The toxicity and long-term health effects of recreational omberacetam use do not seem to have been studied in any scientific context and the exact toxic dosage is unknown. This is because omberacetam has very little history of human usage. Anecdotal evidence from people who have tried omberacetam within the community suggest that there do not seem to be any negative health effects attributed to simply trying this drug at low to moderate doses by itself and using it sparingly (but nothing can be completely guaranteed).
It is strongly recommended that one use harm reduction practices when using this drug.
High doses of omberacetam (above 20 mg) can cause short-term memory loss, brain fog and headache.
Tolerance and addiction potential
The chronic use of omberacetam can be considered as non-addictive with a low potential for abuse. It does not seem to be capable of causing psychological dependence among users.
Tolerance to many of the effects of omberacetam develops over several weeks of prolonged and repeated use. This results in users having to administer increasingly larger doses to achieve the same effects. After that, it takes about 3 - 7 days for the tolerance to be reduced to half and 1 - 2 weeks to be back at baseline (in the absence of further consumption). Omberacetam may present cross-tolerance with all racetam nootropics, meaning that after the consumption of omberacetam certain nootropics such as coluracetam and piracetam may have a reduced effect.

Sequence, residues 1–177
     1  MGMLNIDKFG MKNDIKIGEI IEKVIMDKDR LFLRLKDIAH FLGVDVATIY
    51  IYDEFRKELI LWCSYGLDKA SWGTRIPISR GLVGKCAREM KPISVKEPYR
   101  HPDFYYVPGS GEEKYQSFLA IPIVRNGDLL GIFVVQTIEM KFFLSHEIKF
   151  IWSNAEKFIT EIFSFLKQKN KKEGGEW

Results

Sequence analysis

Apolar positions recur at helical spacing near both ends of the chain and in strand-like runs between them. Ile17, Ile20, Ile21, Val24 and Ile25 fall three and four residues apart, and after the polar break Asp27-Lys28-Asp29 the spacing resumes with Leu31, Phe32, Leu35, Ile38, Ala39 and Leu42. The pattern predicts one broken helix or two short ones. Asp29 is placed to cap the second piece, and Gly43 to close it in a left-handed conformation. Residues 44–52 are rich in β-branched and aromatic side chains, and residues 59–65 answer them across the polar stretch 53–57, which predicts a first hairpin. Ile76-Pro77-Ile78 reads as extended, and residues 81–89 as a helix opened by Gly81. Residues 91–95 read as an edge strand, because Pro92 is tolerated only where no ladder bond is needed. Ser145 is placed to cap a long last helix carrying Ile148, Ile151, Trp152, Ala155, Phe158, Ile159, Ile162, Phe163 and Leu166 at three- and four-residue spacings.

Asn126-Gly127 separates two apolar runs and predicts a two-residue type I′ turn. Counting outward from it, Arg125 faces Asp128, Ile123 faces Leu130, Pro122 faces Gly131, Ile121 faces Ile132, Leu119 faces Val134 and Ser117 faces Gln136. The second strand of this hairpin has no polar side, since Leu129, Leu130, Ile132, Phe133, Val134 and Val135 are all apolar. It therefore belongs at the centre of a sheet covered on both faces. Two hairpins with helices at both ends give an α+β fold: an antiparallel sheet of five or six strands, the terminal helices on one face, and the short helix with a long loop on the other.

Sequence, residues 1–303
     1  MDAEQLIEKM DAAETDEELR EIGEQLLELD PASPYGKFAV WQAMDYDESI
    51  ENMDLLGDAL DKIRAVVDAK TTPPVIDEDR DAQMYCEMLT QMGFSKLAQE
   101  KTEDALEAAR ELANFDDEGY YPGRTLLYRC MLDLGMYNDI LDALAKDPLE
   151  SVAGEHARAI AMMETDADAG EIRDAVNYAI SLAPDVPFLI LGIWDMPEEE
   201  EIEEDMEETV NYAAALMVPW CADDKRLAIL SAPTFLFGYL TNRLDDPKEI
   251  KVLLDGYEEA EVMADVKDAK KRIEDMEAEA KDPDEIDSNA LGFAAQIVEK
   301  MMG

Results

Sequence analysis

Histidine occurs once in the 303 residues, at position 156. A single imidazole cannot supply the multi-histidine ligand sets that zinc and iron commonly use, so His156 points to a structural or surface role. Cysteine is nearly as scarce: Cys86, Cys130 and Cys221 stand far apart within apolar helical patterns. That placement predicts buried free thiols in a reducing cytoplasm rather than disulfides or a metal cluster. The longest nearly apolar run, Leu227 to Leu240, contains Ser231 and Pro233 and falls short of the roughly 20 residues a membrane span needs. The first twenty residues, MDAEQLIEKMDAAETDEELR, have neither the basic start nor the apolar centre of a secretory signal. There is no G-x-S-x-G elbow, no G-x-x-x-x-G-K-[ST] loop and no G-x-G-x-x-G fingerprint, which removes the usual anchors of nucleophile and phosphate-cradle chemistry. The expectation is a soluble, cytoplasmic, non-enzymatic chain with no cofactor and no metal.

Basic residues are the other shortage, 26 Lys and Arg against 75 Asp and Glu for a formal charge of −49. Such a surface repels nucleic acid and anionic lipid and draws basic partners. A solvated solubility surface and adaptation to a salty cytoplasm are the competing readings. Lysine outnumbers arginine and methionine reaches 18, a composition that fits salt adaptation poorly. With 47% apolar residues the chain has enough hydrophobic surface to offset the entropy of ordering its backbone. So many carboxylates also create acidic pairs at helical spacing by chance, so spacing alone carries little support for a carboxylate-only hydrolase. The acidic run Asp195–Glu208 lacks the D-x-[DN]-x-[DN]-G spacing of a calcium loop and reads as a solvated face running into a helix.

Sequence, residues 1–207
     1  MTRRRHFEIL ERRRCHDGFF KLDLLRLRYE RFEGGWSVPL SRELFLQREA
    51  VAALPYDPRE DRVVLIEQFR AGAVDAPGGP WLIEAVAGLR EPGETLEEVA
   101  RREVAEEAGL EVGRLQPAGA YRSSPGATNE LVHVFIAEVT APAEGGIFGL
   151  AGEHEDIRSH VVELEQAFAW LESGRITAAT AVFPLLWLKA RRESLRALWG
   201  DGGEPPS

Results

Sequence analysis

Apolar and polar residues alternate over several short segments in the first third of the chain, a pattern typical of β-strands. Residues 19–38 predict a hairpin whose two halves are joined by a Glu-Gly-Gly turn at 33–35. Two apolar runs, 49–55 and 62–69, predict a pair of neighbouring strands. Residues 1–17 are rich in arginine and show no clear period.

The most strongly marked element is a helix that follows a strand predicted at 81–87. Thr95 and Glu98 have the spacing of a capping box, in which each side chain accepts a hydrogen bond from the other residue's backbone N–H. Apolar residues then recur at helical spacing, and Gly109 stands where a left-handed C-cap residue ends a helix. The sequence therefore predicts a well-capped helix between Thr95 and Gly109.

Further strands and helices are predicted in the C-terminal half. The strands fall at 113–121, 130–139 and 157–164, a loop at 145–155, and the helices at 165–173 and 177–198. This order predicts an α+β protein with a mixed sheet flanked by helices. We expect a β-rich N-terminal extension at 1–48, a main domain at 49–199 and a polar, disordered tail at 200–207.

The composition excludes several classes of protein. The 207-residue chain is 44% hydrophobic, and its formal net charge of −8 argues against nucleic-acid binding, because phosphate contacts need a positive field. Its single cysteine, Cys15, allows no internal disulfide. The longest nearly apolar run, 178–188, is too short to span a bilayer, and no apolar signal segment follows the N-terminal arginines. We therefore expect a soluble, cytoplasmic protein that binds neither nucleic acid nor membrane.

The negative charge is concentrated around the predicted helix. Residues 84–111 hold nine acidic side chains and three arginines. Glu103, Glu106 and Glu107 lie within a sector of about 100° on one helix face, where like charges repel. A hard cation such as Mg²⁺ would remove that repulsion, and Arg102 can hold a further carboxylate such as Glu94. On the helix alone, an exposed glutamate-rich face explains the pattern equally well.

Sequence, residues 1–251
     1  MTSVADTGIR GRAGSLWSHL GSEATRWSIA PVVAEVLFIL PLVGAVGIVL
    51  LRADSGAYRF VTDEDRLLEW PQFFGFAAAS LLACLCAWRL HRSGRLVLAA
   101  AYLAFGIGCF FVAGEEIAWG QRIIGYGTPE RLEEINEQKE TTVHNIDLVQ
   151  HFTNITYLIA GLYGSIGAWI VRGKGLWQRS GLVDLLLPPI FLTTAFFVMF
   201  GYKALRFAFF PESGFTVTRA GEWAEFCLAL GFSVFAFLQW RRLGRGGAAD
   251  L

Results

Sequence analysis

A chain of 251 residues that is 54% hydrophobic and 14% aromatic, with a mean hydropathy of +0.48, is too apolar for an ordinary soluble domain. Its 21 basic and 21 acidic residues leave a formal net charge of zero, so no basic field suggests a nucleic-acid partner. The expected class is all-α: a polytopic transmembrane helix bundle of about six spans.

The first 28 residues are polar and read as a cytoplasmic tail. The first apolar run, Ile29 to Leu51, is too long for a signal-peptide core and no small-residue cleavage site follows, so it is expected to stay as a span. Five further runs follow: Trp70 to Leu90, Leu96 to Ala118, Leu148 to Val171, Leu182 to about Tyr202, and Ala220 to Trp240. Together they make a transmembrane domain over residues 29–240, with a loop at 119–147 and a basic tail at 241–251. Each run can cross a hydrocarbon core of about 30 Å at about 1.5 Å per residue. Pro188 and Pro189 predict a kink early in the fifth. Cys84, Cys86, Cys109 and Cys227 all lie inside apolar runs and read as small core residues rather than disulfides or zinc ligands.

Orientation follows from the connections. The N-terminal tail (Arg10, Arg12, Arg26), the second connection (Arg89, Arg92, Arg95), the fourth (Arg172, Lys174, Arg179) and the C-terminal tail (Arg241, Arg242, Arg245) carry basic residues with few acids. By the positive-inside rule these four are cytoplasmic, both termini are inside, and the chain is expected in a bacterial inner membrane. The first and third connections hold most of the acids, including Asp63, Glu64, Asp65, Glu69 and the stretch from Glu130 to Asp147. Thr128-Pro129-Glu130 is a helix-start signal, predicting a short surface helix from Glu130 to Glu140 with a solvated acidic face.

- Psychedelics - Anecdotal reports suggest that combining psychedelics with omberacetam strongly intensifies psychedelics effects. Independent research and caution are strongly advised before using these drugs in combination.
- Australia: Omberacetam is not a Schedule 4 prescription drug nor is it on the list of poisons. It is currently being sold within the country.
- Canada: Omberacetam does not have a Drug Identification Number (DIN), meaning that it cannot be imported for resale or distribution. Omberacetam is not scheduled nor controlled in Canada, making import for personal reasons legal.
- United Kingdom: Omberacetam is illegal to produce, supply, or import under the Psychoactive Substance Act, which came into effect on May 26th, 2016.
- United States: Omberacetam has no schedule assigned to it in the United States, making it unregulated and therefore legally available for anyone in the country to buy, possess and use.
- PubChem database | https://pubchem.ncbi.nlm.nih.gov/compound/omberacetam
- Khimiko-Farmatsevticheskii Zhurnal, Vol. 38, No. 12, pp. 3 – 5, December, 2004.
- The original novel nootropic and neuroprotective agent omberacetam (PubMed.gov / NCBI) | http://www.ncbi.nlm.nih.gov/pubmed/12596521
- Andreeva, N.A., et al. "Neuroprotective properties of nootropic dipeptide GVS-11 in in vitro oxygen-glucose deprivation, glutamate toxicity and oxidative stress." Bulletin of Experimental Biology and Medicine, October 2000, vol. 130, pp. 969-972.
- Kovalev, G.I., et al. "NMDA component in the effects of piracetam and new nootropic peptide GVS-111 on the neocortical and hippocampal EEG in conscious rats." Bulletin of Experimental Biology and Medicine, August 1999, vol. 128, pp. 822-825.
- "Dr. Rita Ostrovskaya on omberacetam tolerance".
Tolerance? No, there is no tolerance. No. No, tolerance because we advise that people use [omberacetam], and then take an interval. For example, [take it] three times per year.
- Psychoactive Substances Act 2016 (Legislation.gov.uk) | http://www.legislation.gov.uk/ukpga/2016/2/contents/enacted